On Labor Day, the president of the United States criticized his attorney general for not considering the political implications of criminally charging two congressmen. As President Donald Trump waxes poetic about impermissible political bias at the U.S. Department of Justice, he expects Attorney General Jeff Sessions to consider the impact of prosecutions on Republican electoral prospects. Regardless of political alignment, we should take the president’s musing on the matter seriously.

While Trump didn’t name the congressmen, he was almost certainly talking about California Congressman Duncan Hunter, indicted for misuse of campaign funds, and Chris Collins of New York who is charged for insider trading.

Prosecutors accuse Hunter and his wife of funneling more than $250,000 in campaign funds for their personal use. Hunter allegedly ignored warnings by staff, falsely reported campaign funds, and spent campaign money on such luxuries as a $14,000 family vacation to Italy in 2015.

Collins supposedly used insider information about a failed drug trial at Innate Immunotherapeutics, an Australian biotechnology company, to help his son and others avoid more than $700,000 in financial losses.

Hunter and Collins will have their days in court, but these cases are much more than mere witch-hunts aimed at two of Trump’s earliest and most ardent supporters.

Weeks after charges were announced, Trump responded by tweeting: “Two long running, Obama era, investigations of two very popular Republican Congressmen were brought to a well publicized charge, just ahead of the Mid-Terms, by the Jeff Sessions Justice Department. Two easy wins now in doubt because there is not enough time. Good job Jeff……”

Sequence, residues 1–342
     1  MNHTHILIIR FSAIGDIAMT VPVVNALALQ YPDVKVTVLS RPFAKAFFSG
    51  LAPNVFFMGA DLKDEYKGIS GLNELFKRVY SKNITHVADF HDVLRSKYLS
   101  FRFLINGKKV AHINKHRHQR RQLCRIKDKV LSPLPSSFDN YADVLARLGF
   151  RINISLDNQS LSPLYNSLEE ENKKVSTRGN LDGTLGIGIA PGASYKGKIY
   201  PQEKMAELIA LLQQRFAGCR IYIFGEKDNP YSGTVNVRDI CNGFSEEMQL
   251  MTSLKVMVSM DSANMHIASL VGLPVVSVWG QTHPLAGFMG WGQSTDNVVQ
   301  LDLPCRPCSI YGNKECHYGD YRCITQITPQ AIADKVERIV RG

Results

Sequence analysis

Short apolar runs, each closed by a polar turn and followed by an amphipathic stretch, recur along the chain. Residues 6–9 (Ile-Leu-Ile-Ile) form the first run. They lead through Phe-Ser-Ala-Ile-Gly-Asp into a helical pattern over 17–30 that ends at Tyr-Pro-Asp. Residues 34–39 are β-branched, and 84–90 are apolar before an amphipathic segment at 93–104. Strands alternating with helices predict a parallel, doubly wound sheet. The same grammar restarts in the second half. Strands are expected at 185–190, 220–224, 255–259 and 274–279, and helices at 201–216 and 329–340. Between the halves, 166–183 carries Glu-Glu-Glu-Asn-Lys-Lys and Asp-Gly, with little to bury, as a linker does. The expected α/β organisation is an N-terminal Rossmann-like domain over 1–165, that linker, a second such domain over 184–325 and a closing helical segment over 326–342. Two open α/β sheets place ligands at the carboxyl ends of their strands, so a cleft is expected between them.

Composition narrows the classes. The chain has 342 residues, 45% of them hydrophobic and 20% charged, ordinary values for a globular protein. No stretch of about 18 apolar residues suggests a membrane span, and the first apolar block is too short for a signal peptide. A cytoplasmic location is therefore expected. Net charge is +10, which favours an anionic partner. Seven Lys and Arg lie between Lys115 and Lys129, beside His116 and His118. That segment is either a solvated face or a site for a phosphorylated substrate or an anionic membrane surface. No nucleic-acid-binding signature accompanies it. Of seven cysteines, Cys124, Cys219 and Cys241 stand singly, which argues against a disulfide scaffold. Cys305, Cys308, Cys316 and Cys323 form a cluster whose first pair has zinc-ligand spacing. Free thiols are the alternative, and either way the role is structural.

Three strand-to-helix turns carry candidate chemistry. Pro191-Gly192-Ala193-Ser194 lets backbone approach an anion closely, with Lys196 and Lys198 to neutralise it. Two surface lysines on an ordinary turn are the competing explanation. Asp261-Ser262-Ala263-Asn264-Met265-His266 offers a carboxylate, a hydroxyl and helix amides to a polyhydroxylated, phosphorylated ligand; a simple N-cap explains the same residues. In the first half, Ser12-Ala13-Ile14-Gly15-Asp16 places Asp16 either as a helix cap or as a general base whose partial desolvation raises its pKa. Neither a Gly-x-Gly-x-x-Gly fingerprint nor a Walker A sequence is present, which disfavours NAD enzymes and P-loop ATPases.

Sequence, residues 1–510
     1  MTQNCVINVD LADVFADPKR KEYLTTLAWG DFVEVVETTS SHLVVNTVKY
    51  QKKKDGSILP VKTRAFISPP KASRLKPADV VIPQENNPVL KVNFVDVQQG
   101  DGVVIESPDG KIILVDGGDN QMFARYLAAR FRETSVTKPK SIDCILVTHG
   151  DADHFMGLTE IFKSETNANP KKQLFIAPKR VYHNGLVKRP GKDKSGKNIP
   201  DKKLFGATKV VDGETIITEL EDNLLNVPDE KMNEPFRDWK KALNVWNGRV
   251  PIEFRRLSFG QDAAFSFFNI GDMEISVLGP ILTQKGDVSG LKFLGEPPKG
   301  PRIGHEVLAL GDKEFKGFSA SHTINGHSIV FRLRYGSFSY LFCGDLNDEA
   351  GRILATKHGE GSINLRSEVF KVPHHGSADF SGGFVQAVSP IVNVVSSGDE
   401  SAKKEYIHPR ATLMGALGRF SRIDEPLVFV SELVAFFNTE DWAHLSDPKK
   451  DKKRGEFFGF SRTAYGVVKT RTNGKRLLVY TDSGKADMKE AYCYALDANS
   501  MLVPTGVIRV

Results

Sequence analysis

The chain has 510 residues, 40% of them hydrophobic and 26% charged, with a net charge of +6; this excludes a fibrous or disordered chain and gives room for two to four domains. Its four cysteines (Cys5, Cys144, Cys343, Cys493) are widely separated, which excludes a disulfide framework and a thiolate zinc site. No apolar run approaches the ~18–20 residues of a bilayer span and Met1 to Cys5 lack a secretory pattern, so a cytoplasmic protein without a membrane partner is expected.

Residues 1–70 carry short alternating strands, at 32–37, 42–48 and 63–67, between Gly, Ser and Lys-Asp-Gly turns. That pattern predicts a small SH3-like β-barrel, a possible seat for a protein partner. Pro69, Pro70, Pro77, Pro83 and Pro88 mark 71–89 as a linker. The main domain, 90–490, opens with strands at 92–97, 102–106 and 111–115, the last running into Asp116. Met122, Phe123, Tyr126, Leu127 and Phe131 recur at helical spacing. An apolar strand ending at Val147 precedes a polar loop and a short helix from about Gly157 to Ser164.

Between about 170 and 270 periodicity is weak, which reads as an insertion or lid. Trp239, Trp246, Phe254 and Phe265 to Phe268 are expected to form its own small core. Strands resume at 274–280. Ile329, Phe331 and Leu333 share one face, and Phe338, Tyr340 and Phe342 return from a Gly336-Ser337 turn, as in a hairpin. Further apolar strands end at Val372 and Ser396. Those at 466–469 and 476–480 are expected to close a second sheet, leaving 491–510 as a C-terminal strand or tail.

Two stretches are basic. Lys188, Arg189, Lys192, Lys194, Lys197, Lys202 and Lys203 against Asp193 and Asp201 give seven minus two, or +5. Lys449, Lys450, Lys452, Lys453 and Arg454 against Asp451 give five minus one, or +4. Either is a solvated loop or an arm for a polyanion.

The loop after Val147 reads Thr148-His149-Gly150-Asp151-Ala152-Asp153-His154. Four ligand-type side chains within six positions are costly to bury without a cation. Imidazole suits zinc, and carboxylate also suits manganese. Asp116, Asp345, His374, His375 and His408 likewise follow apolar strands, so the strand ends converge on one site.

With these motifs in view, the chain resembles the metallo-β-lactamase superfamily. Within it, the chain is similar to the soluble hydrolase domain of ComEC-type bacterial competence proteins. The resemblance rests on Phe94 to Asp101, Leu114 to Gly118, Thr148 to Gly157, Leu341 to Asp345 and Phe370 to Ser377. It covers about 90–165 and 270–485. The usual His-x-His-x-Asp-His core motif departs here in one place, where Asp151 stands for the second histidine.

There’s so much wrong here, that it’s hard to figure out where to begin.

Whether Collins and Hunter are “very popular” or not has absolutely nothing to do with the criminality of their actions. In America, we don’t and shouldn’t have a separate standard of justice that applies to the admired and well connected.

Trump’s tweet acknowledges that the DOJ has thoroughly investigated the cases for quite some time. That alone is an indicator that the law enforcement process is working correctly. In each of these cases, prosecutors weren’t making indictments on a lark or because of the party in power.

Whenever a congressman is charged with a crime, it will inevitably draw publicity. It should. In the cases of Collins and Hunter, the complaints against them outline conduct that, if proven in court, clearly violates federal law. Their constituents should know about the charges, be able to follow the proceedings and vote accordingly. A federal criminal charge isn’t evidence of guilt, but it’s not insignificant either.

Finally, no attorney general should time indictments to impact election outcomes…ever. To do so would be the height of political bias at the DOJ. It’s truly mind-blowing that Trump excoriates Sessions for failing to root out political bias only to expect him to engage in the same activity for the benefit of Republicans.

Imagine for a moment that we’re talking about Barack Obama or Hillary Clinton publicly expecting the attorney general to protect Democratic seats in the House of Representatives by timing indictments.

Republicans would be coming out of the woodwork calling for either of them to be removed from office. Conservative-leaning media outlets would be running “breaking” news on a loop drawing attention to the horrific politicization of the DOJ.

In short, those of us on the political right wouldn’t stand for it.

So what’s the difference in this situation other than Trump and the indicted congressmen being Republicans? I’ll save you the consideration. There isn’t any.

Some issues must transcend party. This is one of them. Justice must be as blind, non-partisan and independent from political considerations as possible. We must ardently reject any type of law enforcement that punishes political enemies and rewards allies. That’s the brand of “justice” Americans have literally sacrificed their lives to defeat around the world.

In politics, not much shocks our consciences these days. Trump’s expectation of politicized justice should.

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